```
>>> q_values = q.evaluate(result.best.values, default=3)
Warning: Substituting variable q_3 with 3 is out of bounds.
Warning: Substituting variable q_4 with 3 is out of bounds.
>>> print(q_values)
[0. 0. 1. 3. 3.]
```

Note

A warning is printed if a value outside the bounds of the variable is given, such as `default=3`

, as shown above.

If the `default`

keyword argument is `None`

, variables not passed to the solver remain as they are. Only in this case the `evaluate()`

method return a `PolyArray`

.

```
>>> q_values = q.evaluate(result.best.values, default=None)
>>> print(q_values)
[ 0, 0, 1, q_3, q_4]
```

Attention

Some variables may not be passed to the solver even if they are included in the model. This is because model conversions such as penalty function generation or graph embedding can cause terms to cancel each other out.

## Polynomial evaluation#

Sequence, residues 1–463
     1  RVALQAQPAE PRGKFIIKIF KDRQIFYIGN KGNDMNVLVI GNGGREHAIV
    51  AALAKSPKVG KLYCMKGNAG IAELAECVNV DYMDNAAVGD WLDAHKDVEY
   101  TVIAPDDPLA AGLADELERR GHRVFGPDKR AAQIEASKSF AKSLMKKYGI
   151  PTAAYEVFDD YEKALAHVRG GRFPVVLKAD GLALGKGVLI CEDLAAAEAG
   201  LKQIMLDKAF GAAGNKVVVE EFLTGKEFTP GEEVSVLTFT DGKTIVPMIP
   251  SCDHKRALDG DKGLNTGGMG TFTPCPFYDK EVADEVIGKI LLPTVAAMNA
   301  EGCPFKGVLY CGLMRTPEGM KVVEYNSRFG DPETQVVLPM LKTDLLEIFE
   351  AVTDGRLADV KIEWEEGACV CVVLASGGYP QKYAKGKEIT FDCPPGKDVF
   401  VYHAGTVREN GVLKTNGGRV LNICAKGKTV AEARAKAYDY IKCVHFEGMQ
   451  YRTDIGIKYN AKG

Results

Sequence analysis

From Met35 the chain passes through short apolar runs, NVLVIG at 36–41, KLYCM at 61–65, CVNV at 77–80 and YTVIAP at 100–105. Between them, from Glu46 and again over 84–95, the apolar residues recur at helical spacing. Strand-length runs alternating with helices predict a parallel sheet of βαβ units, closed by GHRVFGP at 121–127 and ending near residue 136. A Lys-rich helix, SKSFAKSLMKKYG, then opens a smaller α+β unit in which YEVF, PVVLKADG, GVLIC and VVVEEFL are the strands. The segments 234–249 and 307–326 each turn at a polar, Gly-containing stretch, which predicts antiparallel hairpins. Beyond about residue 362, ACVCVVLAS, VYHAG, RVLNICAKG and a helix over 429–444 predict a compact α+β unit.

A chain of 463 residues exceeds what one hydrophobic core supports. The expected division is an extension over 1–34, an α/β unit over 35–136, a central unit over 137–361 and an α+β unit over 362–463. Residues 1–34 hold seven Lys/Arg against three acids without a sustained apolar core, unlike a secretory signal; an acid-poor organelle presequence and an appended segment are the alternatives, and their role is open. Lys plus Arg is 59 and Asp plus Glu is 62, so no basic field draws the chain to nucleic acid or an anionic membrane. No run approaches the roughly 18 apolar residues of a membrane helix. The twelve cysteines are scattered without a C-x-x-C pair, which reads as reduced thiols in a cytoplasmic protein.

The result of evaluating the objective function of the input model with the solution returned by the `solve()`

function can be obtained using the `objective`

attribute of the `Solution`

object.

```
>>> solution = result.best
>>> solution.objective
-1.0
```

On the other hand, there are cases where you want to evaluate a polynomial other than the objective function with the solution returned by the solver, for example, when the objective function is expressed as the sum of several polynomials. In this case, we pass the `values`

attribute of the `Solution`

object to `Poly`

’s `evaluate()`

method, just as we would evaluate an array of variables.

```
>>> objective_1 = q[0] * q[1] # 目的関数の第 1 項
>>> objective_1.evaluate(solution.values)
0.0
```

Hint

The behavior when the polynomial contains variables not passed to the solver is similar to the `evaluate()`

method of the `PolyArray`

class; the `default`

keyword argument can change this behavior.

## Evaluating constraints#

If you want to know if the resulting solution satisfies the constraints, you can check with the `feasible`

attribute of the `Solution`

class.

```
>>> solution.feasible
True
```

By default, this will always be `True`

because the `solve()`